Overcoming Adversity on the Road: Stories Behind the Liquid Galaxy
I recall receiving a call from Ben Goldstein about an early LG install in Washington, DC (near my home). After a short discussion about the general project, the gist of the call: “Can Kiel and I use your garage to store and assemble the LG display? It’ll just be for a few days.”
As it turned out, they didn’t need my garage (even though they were welcome to it), but it was a glimpse into some of the obstacles the End Point team faces when we take remote work, outside the familiar trappings of our own environment.
Gerard Drazba provided an introduction of the scope of LG installations in 2012. For the current year alone, through Q3, travel to deliver the sizable LG equipment will approach 60,000 miles to dozens of different destinations, from across the street (and up 5 floors) in NYC to destinations as far away as Singapore and South Korea.
The equipment is bulky, complicated to deliver—and heavy! Each shipment is approximately 1800 lbs. Fully 44% of these different installations have been, or will have been, delivered to international locations. The global presence for demand of LG installations is only growing—and has its own challenges beyond the domestic destinations.
Kiel Christofferson spoke next giving an account of one of the earliest installations, in Tokyo, Japan. The combination of travel to unfamiliar locations in conjunction with the detail required to pull together the equipment and prepare an installation had things a bit hectic. There were a number of initial snafus, including showing up at the wrong hotel, that occupied the better part of the first day with complications. However, with local help, and a lot of communication with our directors, the actual presentation went very smoothly and was well received.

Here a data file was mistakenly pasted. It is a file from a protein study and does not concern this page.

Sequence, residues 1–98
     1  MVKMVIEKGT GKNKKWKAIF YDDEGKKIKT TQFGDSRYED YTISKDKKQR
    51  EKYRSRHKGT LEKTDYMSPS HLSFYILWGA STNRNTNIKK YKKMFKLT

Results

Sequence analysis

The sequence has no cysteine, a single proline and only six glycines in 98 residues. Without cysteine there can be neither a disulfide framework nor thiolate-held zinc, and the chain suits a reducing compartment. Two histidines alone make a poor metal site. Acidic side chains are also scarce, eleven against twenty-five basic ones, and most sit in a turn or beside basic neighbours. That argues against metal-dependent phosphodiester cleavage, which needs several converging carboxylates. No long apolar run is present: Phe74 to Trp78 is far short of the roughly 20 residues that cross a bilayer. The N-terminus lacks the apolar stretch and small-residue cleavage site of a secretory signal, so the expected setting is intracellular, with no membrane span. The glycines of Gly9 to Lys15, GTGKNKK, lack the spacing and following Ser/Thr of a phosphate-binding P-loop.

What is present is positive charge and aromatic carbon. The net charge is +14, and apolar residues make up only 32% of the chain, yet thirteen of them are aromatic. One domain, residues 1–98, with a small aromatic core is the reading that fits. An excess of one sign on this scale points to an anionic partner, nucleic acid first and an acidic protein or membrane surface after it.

Matt Vollrath followed with a recount of an event in Washington, DC, displaying how dependent the remote work for our installations is on the completeness of the facilities where we have little (or no) control. Upon arrival, there was no active network, and insufficient equipment readily available to put things together. Due to rainy conditions, many other complications occurred, including a situation where a coffee pot being plugged in cut off sufficient electrical supply to the Liquid Galaxy. The patchwork continued until after the event was supposed to begin, but ultimately with sufficient effort the show pulled together and was received as a success.
Josh Ausborne provided some background on the importance of hotels, and when difficulties there (and lack of rest) can contribute to how effective we can be in managing problems. More anecdotes followed that continued on Matt’s theme that we find adverse conditions and we have to work within them. One specific instance was where the display room had plenty of lighting with about 30 lights—except only 2 of the lights actually worked; thus, the installation had to be assembled essentially in the dark.
Adam Vollrath concluded the stories, providing Matt with phone support on the Washington, DC installation—while simultaneously working on a very difficult installation in Paris. The installation in Paris was so demanding that during a 2-week setup, Adam logged 96 hours in a single week. Other frequent issues on installations revolve around power failures, or insufficient power.
As the result of experiences of many of these jobs—and so many not mentioned—we have refined our process to anticipate better the challenges we will face. We also have seen great improvements in the technology and its stability, which produces a much smoother setup and presentation, contributing to the growing success of the Liquid Galaxy offering.